Birding at home during lockdown 3.0

February 2021 brought COVID lockdown 3.0 to Melbourne. For five days, we were required to stay home, only leaving for a few good reasons.

So what do you do when you're confined to your house? Well, there's astronomy, but the clouds have been clearing during the day and then returning after sunset. I've set up my rig a couple of times, only to tear it all down after an hour of staring at a starless sky.

What else can you do? Gardening, of course. Under lockdown 1.0 and especially 2.0, my garden came to be quite neat. Of course, Harley Rose, our new Labrador puppy hasn't really been good for the garden, unless you regard her as a very enthusiastic rotary hoe.

And birding.

I was out in the garden yesterday, trimming some plants, when I heard a begging call. It was coming from a thicket of Wattles. Eventually I spotted an Eastern Spinebill feeding a juvenile. By the time I'd retrieved my camera and attached the birding lens, the baby had disappeared, but a young female was poking around the Fuchsia near our cat run.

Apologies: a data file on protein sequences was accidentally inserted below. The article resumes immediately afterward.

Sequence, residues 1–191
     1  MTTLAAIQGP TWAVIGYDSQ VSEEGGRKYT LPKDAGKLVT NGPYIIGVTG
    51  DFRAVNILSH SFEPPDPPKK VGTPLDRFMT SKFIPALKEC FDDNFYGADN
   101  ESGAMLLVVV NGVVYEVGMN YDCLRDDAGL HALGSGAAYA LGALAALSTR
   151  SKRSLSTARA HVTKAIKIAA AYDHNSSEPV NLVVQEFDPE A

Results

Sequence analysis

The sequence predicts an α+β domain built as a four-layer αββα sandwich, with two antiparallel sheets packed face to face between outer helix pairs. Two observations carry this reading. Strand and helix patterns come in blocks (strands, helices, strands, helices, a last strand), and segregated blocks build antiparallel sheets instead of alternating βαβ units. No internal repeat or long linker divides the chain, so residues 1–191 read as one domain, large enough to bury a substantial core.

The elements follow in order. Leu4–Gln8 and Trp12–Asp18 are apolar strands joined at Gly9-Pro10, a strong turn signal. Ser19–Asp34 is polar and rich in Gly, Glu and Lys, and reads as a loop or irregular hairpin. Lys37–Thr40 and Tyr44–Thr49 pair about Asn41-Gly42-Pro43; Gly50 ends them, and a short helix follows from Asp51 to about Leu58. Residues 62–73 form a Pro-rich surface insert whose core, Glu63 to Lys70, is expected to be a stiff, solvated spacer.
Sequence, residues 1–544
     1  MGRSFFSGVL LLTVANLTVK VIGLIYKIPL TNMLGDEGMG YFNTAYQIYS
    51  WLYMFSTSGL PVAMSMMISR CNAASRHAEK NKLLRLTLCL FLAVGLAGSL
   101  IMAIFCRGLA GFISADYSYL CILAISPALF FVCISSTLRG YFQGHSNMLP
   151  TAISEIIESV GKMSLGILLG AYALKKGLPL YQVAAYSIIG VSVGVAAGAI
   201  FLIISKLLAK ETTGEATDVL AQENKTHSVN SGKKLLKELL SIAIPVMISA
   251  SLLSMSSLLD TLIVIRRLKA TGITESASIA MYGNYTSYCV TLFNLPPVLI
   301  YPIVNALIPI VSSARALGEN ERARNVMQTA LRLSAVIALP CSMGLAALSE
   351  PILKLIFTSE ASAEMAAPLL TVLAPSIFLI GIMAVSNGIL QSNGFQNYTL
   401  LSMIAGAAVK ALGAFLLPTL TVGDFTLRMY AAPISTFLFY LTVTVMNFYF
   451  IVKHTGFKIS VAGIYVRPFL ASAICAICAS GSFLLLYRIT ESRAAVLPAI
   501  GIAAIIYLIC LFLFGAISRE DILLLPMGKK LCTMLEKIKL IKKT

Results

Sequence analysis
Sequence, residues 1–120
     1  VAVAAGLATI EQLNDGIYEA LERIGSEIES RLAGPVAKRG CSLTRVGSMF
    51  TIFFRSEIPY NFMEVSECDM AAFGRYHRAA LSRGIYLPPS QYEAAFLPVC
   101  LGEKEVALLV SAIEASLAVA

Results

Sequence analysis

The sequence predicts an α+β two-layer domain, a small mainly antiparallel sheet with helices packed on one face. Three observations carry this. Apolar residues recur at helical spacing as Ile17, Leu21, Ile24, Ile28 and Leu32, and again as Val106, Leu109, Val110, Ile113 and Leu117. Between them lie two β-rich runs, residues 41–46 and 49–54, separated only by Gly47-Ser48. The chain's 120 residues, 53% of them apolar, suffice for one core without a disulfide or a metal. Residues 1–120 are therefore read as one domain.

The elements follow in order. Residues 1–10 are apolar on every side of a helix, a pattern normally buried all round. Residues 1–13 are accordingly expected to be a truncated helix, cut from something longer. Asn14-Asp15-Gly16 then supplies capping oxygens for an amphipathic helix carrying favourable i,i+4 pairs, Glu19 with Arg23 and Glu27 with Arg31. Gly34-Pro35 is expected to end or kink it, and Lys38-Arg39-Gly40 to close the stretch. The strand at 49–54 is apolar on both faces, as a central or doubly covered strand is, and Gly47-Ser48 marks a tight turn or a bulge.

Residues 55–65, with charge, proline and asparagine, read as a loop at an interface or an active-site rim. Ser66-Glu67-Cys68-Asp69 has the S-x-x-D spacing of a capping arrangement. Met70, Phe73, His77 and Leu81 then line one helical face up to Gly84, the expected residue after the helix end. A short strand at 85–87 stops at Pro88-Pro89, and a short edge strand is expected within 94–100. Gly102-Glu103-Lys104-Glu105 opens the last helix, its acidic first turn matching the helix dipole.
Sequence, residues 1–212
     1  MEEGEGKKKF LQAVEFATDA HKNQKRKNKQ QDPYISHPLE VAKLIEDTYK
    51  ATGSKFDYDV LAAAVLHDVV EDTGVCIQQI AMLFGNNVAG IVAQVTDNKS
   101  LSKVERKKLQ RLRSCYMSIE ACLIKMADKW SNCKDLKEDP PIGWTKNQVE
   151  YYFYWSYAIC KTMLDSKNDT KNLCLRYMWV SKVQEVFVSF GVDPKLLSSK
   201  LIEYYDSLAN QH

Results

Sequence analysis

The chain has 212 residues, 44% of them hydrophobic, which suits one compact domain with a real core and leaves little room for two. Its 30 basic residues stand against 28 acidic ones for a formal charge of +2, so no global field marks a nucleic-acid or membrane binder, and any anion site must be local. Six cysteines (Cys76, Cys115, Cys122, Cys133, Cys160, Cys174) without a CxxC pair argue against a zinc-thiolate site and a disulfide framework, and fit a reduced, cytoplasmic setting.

As I watched the bird flew right into the cat run. When you're as small as an Eastern Spinebill, this is literally going into the lion's den.

I took some photos through the fence as the bird browsed the flowers in there. I didn't know for sure, but I was pretty sure the cat was in there, probably lounging on a shelf up near the roof.

Was I about to see a Honeyeater turned into Steak Tartare?

Probably not.

My cat is 18 years old. Last time she went to the vet she was diagnosed with deafness and senility, and she hasn't had much in the way of teeth for some time. So she's not much of a threat to local wildlife that wanders into the cat enclosure, unless you happen to be a tin of mushy cat food.

No only did Tiara (who was named by a four year old who is now off her P-plates) not attack the Spinebill, she probably didn't even notice it.

Pretty soon, the Spinebill hopped back to the fence, pausing only for a photo before disappearing over the neighbour's fence.